Well, that depends. At what era in history did you come down with a mental disorder? Many of you may not be following the discussion around the new DSM V and its changes in various mental health labels. My internet wanderings recently led me to the article referenced below:
The author makes many very interesting points, but one of them is the suggestion (I haven’t checked the research personally) that the total amount of psychic distress stays the same, but the mental health diagnoses change. So we no longer have neurasthenia (Americanitis) and hysteria, but we are now blessed with attention deficit hyperactivity disorder and social phobia. On the other hand, dementia praecox has become schizophrenia, and dipsomania has become alcoholism. So some clinical entities fade away, and others change their names.
I bring a clinician’s hat to this blog more than an academician’s hat– being as I’ve done no research and little teaching, such humility is only decent. But I think it’s hearty food for thought to look at what diagnostic categories have remained recognizably the same over time, as well as those that have changed. It’s important clinically– i.e., for practitioners and patients/clients/consumers. The author of the article linked to above doesn’t discuss in detail the implications for treatment when the DSM V changes definitions of mental illness– and what your insurance will pay for (!) but does, by implication, make a huge connection to the human condition. The amount of suffering in society stays the same, even though what we call it changes. This idea would suggest reasons why, in so many studies, the relationship with the therapist is a larger explanatory factor for change than the therapist’s theoretical orientation.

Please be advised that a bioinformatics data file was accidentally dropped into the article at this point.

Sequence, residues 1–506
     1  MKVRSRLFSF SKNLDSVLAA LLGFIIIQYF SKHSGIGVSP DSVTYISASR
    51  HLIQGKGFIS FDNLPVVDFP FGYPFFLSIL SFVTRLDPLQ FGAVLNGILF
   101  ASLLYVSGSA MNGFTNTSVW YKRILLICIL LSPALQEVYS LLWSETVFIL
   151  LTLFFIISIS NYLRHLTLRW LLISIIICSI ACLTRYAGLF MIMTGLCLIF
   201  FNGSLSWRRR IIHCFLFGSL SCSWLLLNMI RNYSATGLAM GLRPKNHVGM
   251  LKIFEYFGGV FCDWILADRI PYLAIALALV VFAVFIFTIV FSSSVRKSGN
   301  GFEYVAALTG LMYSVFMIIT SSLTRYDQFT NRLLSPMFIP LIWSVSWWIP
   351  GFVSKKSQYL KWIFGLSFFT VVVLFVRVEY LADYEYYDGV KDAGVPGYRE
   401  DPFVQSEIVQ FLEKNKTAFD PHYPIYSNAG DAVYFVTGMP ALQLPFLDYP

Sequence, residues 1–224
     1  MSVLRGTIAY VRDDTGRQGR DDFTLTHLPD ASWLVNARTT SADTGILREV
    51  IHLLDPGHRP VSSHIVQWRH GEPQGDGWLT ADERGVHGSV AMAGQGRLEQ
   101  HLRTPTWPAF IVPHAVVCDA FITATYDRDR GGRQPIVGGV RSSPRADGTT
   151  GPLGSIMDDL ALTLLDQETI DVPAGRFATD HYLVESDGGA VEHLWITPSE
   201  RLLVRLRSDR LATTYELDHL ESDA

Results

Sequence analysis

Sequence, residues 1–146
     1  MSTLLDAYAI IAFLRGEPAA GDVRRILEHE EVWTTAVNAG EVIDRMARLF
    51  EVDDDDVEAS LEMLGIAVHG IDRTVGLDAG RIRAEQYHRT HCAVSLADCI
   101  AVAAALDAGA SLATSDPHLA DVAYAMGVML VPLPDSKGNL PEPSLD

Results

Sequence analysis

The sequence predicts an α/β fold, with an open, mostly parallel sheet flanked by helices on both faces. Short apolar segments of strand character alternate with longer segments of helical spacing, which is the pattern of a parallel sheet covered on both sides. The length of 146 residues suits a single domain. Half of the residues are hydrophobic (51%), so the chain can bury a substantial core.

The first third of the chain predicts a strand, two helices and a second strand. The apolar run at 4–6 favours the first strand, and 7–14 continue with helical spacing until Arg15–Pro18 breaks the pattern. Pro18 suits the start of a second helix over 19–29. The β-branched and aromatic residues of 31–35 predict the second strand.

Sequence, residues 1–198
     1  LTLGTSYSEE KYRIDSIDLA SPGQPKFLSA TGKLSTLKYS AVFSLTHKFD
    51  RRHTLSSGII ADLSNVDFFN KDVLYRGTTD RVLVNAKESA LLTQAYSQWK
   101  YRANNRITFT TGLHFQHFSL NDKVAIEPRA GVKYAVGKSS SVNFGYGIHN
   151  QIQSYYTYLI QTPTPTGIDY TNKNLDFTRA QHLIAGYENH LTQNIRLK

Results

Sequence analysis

The whole diagnosis issue is moot if you’re paying for your own therapy– you can be in therapy for “relationship issues” or for I get overwhelmed when my boss acts like my mother used to.” But if you’re hoping your insurance will pay for it, then you have to have something that’s in the DSM. So if you’re down for Asperger’s you’ll need to get re-diagnosed when your insurance company changes from DSM IV to DSM V. But now, despite the fact that in the Victorian era people used to wear black for up to a year after the death of a family member, now your grief may become depression in a couple of weeks.
Two weeks to get over the death of a spouse, child, parent? Wow. It’s enough to make my neurasthenia act up.